In patients with IBS, the study found a significant decrease in serotonin content and significantly higher endocrine cell (EC) populations in patients with IBS compared to controls, while the release of serotonin from EC cells was not significantly different. In terms of the way the body inactivates serotonin signaling, or the serotonin re-uptake system, SERT mRNA and SERT immunoreactivity were markedly reduced. This reduction led to a decrease in the capacity to remove serotonin from intracellular space once it was released, thus increasing serotonin availability.


The study was sponsored through a research grant from Novartis Pharmaceuticals, maker of Zelnorm® (tegaserod maleate) for IBS-C. In addition to Moses and Mawe, members of the study team included Matthew Coates, Christine Mahoney, David Linden, Joanna Sampson and Eric Newton of the University of Vermont; Michael Gershon and Jason Chen of the Department of Anatomy and Cell Biology at Columbia University; Keith Sharkey of the Department of Physiology and Biophysics at the University of Calgary, and Michael Crowell of the Clinical Research department at Novartis Pharmaceuticals.

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Mind-Body Technique Eases Kids' Gut Pain new
      #24955 - 10/30/03 11:17 AM
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Mind-Body Technique Eases Kids' Gut Pain

Kids Have Fewer Days of Abdominal Pain When Using Relaxation Technique

By Jeanie Lerche Davis

WebMD Medical News
Reviewed By Brunilda Nazario, MD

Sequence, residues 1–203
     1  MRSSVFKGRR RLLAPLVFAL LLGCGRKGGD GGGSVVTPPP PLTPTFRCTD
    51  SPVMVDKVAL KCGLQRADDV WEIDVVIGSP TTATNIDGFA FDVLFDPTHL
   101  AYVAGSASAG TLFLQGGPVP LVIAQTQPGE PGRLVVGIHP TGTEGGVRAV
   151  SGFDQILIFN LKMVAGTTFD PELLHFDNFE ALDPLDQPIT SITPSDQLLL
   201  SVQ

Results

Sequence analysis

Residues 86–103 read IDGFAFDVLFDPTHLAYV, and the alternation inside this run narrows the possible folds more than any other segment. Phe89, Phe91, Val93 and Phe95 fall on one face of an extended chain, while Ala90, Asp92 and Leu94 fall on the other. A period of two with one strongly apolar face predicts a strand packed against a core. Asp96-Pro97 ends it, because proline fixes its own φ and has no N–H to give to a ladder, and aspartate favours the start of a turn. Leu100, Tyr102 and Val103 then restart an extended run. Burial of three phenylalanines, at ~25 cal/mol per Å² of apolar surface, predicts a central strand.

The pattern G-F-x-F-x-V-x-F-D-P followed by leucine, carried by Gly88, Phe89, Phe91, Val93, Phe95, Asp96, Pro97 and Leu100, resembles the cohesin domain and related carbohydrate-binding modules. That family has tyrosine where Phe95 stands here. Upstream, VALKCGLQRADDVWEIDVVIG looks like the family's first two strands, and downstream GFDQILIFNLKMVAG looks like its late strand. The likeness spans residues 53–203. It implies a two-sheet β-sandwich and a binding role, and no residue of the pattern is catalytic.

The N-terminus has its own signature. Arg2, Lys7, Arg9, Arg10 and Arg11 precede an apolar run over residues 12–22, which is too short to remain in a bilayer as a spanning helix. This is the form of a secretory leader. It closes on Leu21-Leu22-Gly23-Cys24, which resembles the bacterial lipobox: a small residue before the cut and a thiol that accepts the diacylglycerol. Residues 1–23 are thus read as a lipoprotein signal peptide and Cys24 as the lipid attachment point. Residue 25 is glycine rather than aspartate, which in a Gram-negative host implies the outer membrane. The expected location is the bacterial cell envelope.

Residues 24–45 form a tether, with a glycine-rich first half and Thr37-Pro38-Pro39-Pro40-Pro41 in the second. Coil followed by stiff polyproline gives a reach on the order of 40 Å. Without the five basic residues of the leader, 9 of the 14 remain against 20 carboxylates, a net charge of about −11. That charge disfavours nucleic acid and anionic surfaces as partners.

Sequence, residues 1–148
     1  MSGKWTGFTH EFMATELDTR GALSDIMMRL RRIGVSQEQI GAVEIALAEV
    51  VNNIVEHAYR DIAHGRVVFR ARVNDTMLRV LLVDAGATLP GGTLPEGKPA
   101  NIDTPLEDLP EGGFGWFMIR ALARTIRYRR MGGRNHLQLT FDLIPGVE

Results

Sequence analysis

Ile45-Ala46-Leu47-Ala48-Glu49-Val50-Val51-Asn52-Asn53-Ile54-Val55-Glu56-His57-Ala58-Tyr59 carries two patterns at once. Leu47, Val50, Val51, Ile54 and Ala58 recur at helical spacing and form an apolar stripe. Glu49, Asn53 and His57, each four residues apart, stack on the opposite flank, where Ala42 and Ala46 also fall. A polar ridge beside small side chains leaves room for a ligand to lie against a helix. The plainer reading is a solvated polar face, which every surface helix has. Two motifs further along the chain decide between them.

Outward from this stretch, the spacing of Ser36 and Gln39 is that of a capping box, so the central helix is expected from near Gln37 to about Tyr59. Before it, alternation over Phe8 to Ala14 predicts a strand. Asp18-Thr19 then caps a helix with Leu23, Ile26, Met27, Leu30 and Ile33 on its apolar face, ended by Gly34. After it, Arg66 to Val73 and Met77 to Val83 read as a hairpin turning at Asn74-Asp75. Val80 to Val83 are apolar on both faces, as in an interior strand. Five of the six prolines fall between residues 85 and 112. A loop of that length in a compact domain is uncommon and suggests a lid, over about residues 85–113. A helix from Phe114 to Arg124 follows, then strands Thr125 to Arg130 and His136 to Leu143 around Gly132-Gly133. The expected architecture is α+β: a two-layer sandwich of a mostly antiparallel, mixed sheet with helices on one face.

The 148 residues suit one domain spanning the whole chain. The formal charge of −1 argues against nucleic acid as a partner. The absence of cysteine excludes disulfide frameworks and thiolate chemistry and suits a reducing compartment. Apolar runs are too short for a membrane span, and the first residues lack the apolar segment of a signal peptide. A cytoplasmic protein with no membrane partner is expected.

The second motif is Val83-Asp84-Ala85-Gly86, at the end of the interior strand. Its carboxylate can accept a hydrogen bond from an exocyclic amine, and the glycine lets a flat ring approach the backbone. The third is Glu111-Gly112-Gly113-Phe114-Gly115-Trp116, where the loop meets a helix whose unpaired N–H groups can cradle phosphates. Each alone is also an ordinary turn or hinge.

Aug. 5, 2003 -- For kids with chronic abdominal pain, relaxation techniques can help them cope.


Some 20% of school-age children suffer from recurrent abdominal pain -- and for 10% of them, there is a real problem in the gut. But for the rest, the pain is often unexplained -- yet persists, sometimes into adulthood.


It's a big problem that upsets their quality of life. "Not only are these children in pain, they are missing school, making frequent doctor visits and may suffer from anxiety and depression," says lead researcher Thomas M. Ball, MD, MPH, professor of clinical pediatrics at the University of Arizona, in a news release.


His report is published in the July/August issue of Clinical Pediatrics.


In it, he describes using guided imagery therapy -- which combines relaxation, imagery, and hypnosis -- to help children gain control over their pain. Other studies have shown that the technique helps kids with other types of pain, says Ball.


The technique affects the autonomic nervous system -- the nerves that are involved in involuntary functions in the body, such as digestion. In essence, it taps the body's own healing power, he says.


Each child was trained in relaxation and guided imagery during four weekly sessions. Each filled out a daily "pain diary" three times a day to track the effectiveness of the technique.


During the month of training, the children had 36% fewer days with pain.